The big picture
Zooming out to the widest angle our lens will allow, what’s happening in mainstream grocery? The answer is fresh departments are dominating. Perishables have increased in both volume and dollars for every category, while center store sales have generally been flat or in decline. Total produce sales climbed 25% between 2011 and 2015, arriving at $65.8 billion. Produce is now the second-largest category in fresh food sales at 32.2%, trailing the largest category, meat, which accounts for 39.3% of perishable food spending. Briefly refocusing on the organic marketplace, it is interesting to note that organic meat represents the smallest of the organic food categories.
Of the total dollars spent in produce, about 47% is for fruit, 43% goes toward vegetables, and 10% is on other categories, including herbs and beverages. Growth in mainstream produce departments across the nation is fueled by several key trends.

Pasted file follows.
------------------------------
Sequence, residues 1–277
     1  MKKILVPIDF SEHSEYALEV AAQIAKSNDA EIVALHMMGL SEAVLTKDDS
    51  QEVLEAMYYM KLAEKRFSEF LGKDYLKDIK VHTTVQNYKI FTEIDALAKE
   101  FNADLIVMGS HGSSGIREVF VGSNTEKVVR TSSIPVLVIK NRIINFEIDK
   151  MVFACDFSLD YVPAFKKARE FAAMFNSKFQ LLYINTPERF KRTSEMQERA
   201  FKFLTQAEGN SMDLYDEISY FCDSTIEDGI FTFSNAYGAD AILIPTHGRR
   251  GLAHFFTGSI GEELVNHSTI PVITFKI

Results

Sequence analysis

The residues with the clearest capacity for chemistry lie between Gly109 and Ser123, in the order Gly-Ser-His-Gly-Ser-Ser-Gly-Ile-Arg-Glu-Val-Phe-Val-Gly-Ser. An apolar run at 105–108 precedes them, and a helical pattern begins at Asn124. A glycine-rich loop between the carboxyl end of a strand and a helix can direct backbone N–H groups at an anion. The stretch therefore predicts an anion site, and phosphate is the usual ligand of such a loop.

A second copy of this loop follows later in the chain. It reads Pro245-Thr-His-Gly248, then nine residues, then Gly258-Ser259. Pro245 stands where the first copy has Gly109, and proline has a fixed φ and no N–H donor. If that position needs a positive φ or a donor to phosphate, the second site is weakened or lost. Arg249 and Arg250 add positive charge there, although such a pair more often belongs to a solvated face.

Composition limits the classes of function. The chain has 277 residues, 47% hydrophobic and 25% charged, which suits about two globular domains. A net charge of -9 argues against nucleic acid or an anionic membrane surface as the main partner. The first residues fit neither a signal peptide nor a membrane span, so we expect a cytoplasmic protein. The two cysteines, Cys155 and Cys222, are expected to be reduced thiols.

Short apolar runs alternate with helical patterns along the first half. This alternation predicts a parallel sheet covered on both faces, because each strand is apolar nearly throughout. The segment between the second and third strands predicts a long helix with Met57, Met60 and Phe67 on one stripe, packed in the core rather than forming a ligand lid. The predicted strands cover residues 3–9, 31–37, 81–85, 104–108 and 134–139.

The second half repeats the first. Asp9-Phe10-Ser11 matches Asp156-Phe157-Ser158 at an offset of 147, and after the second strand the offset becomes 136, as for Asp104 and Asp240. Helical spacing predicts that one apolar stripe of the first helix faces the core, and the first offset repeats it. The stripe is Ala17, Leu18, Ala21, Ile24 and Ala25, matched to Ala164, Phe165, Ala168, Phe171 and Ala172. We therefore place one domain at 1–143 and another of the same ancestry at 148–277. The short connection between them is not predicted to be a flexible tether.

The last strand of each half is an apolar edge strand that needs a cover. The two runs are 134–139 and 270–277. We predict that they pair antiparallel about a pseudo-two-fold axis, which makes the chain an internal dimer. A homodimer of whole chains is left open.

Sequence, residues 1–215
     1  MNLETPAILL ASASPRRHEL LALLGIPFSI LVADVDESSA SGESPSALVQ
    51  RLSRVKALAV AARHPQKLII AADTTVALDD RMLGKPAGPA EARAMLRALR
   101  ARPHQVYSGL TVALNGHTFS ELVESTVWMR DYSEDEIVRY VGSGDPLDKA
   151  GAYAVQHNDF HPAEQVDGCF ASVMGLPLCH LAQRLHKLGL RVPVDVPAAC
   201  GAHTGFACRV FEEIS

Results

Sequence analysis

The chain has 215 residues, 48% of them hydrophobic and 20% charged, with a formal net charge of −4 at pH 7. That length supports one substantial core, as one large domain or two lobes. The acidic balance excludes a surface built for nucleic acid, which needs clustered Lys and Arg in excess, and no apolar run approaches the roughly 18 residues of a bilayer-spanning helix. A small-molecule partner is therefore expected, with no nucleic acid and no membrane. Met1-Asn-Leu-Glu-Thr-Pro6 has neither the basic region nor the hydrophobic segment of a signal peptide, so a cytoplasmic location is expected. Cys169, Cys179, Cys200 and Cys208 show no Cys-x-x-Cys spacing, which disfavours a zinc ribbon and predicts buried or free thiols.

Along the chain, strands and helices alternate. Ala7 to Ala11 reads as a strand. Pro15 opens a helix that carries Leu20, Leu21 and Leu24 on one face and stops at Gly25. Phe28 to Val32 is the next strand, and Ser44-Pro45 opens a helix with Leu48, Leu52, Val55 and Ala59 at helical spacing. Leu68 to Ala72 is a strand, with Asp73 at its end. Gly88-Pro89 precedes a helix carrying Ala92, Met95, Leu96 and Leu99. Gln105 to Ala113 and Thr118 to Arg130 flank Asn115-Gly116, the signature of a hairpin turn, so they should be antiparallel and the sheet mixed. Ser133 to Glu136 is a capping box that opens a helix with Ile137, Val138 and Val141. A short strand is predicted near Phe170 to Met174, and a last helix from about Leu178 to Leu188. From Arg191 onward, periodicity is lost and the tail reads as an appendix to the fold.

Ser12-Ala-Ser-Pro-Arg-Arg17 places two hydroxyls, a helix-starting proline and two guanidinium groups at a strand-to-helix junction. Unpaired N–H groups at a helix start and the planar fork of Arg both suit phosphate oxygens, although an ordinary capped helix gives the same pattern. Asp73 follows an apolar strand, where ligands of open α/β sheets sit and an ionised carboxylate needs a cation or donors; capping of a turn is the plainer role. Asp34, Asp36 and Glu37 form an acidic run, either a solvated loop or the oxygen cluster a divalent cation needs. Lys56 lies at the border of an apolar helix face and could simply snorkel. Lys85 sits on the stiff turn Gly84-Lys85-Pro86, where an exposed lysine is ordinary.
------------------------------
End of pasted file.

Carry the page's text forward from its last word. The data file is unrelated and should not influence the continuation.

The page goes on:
Convenience and portability are two related and important drivers easily illustrated by the breakout growth of fresh juices and teas. Between 2011 and 2015, the category increased 101% to $1.8 billion and saw the shelves explode with a 47% increase in SKUs.
Branded products and those that enjoy the support of major marketing campaigns benefited greatly from the investment in consumer outreach. Mostly branded mandarin oranges (examples include Cuties® and Halos®) saw monster growth rates ranging between 38% and 70% each of the years between 2009 and 2013. By comparison, sales of oranges grew between three and 13% annually during the same period.
Similarly, Hass avocadoes were the fourth fastest-growing single item in the produce department in absolute dollar gains between 2011 and 2015. Hass Avocadoes’ consumer marketing efforts spanned a variety of channels, including Super Bowl advertising, fitness apps and more, and were powered by a $50 million annual check-off program, according to a Washington Post article.